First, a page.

Eyelash Serums

Eyelash Serums

A blue eye

What are Eyelash Serums?

Eyelash serums are cosmetic products used to enhance the growth of eyelashes. With regular use, they can make eyelashes appear longer, darker, and thicker. They are sold both over the counter and by prescription. Over the counter products usually contain ingredients such as peptides, biotin, and isopropyl cloprostenate. The only FDA approved prescription option for eyelash growth is Latisse, which contains the drug Bimatoprost. This drug was originally used to treat glaucoma under the product name Lumigan. It was discovered that Lumigan users often noticed increased eyelash growth as a side effect of the medication, and in 2008 Latisse was approved for treatment of inadequate eyelash growth.  

How are they used?

Eyelash serums are applied daily above the lid margin of the upper eyelids. Most serums state that they should be used daily for several weeks to see full results. According to Latisse manufacturer Allergan’s website, users can expect to see full results after 16 weeks of use. 

Do they work?

In clinical trials, Latisse was shown to improve eyelash prominence in 78% of people who used the drug daily for 16 weeks. This improvement has been shown to occur only while using the medication, and users can expect their eyelashes to return to their previous appearance within several weeks to months. Products not approved by the FDA have not undergone clinical trials, therefore there is no data available about their effectiveness.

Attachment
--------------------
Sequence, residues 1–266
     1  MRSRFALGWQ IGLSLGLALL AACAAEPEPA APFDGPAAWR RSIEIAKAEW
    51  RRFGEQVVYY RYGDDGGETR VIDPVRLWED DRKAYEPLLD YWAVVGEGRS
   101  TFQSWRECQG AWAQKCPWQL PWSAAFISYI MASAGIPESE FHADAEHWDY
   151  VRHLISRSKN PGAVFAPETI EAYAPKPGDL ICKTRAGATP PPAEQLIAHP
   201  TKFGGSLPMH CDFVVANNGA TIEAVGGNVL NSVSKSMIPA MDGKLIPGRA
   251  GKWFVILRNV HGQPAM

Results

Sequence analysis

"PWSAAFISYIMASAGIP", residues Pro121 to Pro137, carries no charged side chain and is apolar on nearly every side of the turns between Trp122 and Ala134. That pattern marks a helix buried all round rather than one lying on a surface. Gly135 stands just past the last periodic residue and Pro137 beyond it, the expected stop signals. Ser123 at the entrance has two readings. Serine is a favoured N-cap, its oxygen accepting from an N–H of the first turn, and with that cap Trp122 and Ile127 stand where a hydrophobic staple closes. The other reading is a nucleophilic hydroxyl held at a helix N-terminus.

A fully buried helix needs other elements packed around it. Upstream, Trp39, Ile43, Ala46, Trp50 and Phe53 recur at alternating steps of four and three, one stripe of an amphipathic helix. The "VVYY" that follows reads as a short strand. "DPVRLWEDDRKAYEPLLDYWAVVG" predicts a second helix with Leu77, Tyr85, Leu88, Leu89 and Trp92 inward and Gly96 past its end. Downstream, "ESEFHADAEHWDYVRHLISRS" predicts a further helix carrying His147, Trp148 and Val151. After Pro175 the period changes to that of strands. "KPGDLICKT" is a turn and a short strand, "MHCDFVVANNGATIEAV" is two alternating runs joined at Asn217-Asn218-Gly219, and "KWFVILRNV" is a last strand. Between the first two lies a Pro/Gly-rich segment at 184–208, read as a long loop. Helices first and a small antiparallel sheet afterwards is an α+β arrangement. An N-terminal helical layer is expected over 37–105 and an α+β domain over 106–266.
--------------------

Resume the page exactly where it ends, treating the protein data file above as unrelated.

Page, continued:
Are they safe?

Because the vast majority of eyelash serums have not been tested or approved by the FDA, there is no clinical data to determine their safety. Latisse has been approved by the FDA, however there are side effects to this medication that should be considered before use. According to the Allergan, the most common side effects are:

  • Hypersensitivity including eye irritation, redness of the eye, itchy eyes, and dry eyes
  • Changes in intraocular pressure (IOP) which may be of particular concern for patients being treated for glaucoma
  • Increased iris pigmentation, or darkening of the colored part of the eye which is likely to be permanent
  • Lid pigmentation, or darkening of the eyelid and skin surrounding the eye
  • Hair growth outside the treatment area, which can occur if the product repeatedly touches surfaces other than the eyelid
  • Intraocular inflammation
  • Macular edema
  • Contamination of product or applicators which can lead to infection
  • Discoloration of contact lenses

These may not represent all of the side effects of the medication. It is important to consult with your doctor to determine whether or not eyelash serums are a good option for you. Be wary of websites claiming to offer Latisse without a consultation from a doctor. According to an interview published in the New York Times, a representative for Allergan stated that most online sales of Latisse were illegal ones over which Allergan had no control, either because the product was being smuggled into the country or because it was really a generic knockoff not approved by the Food and Drug Administration.

When it comes to your eyes, always trust your eye doctor. To schedule an eye exam, call or text (907) 328-2920. For more information about eye cosmetics, read our blog Eye Cosmetic Safety

Sources:

Latisse: What to Expect https://www.latisse.com/WhatToExpect.aspx

Food and Drug Administration https://www.accessdata.fda.gov/drugsatfda_docs/label/2012/022369s005lbl.pdf

Allergan https://media.allergan.com/actavis/actavis/media/allergan-pdf-documents/product-prescribing/20170829-LATISSE-USPI-72303US17.pdf

Catherine St Louis “Long Lashes Without Prescription, but With Risks” The New York Times 2010 https://www.nytimes.com/2010/05/02/health/02latisse.html

Image:

Photo by Arteum.ro on Unsplash

Written By: Gina Stafford COA, LDO, ABOC

Posted in: Eye Doctor in Alaska, Eye Health Guide, Eye Health Research

 
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